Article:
Monday, 30 April 2012

HTPC Build successful, though not without bumps along the road!

After much fiddling, I've finally got my HTPC up and running.  My initial assembly went smoothly enough, however, the system wouldn't boot.  After some trial and error searching for the cause, it turned out the Pareema RAM was the culprit: Stealing a 4gb Mushkin module from my desktop lead to a successful boot up.  Curiously, neither of the Pareema modules would work - normally, it's just one of a pair that's bunk - I need to try these in my desktop, just to be sure it's not an oddball compatibility issue.

Anyhow, moving on.

While assembling the PC, I noted that the power supply in the case is mounted above the motherboard's CPU slot, and that it's air intake is right opposite the CPU cooler's fan.  While the A6-3500's cooler would physically fit under the power supply, half it's fan would be blocked with only about a 1/4" clearance - and as the PSU's intake fan was right there, the two fans would be starved for air.  Add the PSU's absurdly long cables crammed in between the optical drive and the PSU, there was precious little open space for air flow to the rest of the CPU fan.

Anticipating heat being a concern in such a tiny box, I'd picked up a 120mm 920rpm fan as a case fan: The large diameter and low RPM allow a substantial amount of air movement (optimally 45CFM) to push more air through.  Mounted in the second hard drive bay on the side of the chassis, it moved a fair amount of air through the case, but alas, heat was still an issue.

Once running, the CPU would steadily climb up to around 45 degrees C at idle, with the CPU cooler fan pushing up to maximum speed (which, incidentally, sounds remarkably like a jet engine).  Under load, the system would overheat and shut down.  I tried dropping the clock speed down to 1800mhz (the A6-3500 runs at 2100mhz stock, with a "turbo" speed of 2400mhz for one core) and the voltage down to 1.3v from 1.4.  Unfortunately, while it did run a bit cooler, still not sufficiently.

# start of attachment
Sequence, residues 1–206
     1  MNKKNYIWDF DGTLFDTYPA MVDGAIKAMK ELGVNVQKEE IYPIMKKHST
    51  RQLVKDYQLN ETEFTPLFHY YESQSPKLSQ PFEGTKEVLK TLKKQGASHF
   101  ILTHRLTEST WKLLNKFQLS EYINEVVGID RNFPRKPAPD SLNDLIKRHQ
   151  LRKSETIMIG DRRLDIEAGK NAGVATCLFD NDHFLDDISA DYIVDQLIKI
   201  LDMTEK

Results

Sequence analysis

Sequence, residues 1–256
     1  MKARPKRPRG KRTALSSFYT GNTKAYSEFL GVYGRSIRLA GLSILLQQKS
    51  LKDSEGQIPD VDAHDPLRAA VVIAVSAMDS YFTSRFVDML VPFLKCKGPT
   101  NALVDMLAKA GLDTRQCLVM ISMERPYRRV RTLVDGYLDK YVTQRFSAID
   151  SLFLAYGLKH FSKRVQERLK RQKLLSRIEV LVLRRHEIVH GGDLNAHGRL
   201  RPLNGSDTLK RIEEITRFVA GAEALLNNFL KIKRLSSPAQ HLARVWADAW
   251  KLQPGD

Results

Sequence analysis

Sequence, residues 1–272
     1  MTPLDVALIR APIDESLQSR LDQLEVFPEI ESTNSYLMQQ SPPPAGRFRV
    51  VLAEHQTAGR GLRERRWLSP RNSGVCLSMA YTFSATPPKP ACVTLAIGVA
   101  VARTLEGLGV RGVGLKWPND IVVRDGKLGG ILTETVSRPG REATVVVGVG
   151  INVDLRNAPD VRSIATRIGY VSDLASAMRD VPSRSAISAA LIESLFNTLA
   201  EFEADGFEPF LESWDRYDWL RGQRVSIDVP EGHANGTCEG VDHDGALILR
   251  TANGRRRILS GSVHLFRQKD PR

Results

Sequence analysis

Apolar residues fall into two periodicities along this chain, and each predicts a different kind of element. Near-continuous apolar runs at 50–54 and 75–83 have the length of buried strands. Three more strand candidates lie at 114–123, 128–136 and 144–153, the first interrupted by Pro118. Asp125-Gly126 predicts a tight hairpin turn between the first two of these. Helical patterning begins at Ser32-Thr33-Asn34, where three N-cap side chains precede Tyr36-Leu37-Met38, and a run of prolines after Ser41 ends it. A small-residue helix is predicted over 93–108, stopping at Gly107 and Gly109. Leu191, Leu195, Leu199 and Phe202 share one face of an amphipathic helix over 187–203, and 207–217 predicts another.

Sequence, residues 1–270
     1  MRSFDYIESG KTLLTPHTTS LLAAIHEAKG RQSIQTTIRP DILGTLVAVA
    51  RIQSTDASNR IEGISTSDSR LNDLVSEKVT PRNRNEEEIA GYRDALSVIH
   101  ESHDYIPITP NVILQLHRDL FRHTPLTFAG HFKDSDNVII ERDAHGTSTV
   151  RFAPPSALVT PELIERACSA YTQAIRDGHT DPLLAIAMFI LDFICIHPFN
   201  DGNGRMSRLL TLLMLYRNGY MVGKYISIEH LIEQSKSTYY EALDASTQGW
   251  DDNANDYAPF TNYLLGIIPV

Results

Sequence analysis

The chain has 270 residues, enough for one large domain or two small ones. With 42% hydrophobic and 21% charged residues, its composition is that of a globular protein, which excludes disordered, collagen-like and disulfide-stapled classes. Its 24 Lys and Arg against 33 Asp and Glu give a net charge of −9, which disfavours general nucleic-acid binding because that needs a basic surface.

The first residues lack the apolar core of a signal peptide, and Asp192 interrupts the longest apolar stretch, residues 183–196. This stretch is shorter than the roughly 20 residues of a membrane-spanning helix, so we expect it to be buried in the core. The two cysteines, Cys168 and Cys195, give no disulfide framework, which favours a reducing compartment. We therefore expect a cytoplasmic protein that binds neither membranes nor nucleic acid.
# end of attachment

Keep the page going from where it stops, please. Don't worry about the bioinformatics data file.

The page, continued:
Obviously, this was untenable.  Having your HTPC shut down in mid-movie isn't exactly the behaviour you want from your HTPC, unless you're watching something spectacularly terrible, and having to turn up your TV to hear it over the miniature jet engine wailing beside it detracts from the experience.

So, I pulled out the power supply.  The ridiculously long cables then became an advantage, instead of a disadvantage: I could run the power supply entirely out of the case without any trouble at all.  Now, I'm not considering staying this way, but I wanted to be sure that with the power supply out of the picture, the system would work out well.

And, fortunately, it does.  With the power supply out, the CPU fan at 40% speed (whisper quiet), the system runs at 36c under load.  Experimenting, I was able to overclock the system clock to 2500mhz (on all three cores, just disabling the silly "Turbo" thing), the GPU portion of the processor from 450mhz to 550mhz, and the RAM from 1333mhz to 1600mhz, with core temperatures not exceeding 39c under load.

So, moving forward, I'm replacing the power supply with a 120w picoPSU from Short Circuit, basically just a plug in your box and a laptop power brick.  120w is much more than is needed, with the full system drawing at most 85w under stress testing (~60w during playback) but the next one down, 90w, is uncomfortably close to the peak power draw from the system.

No comments:

Post a Comment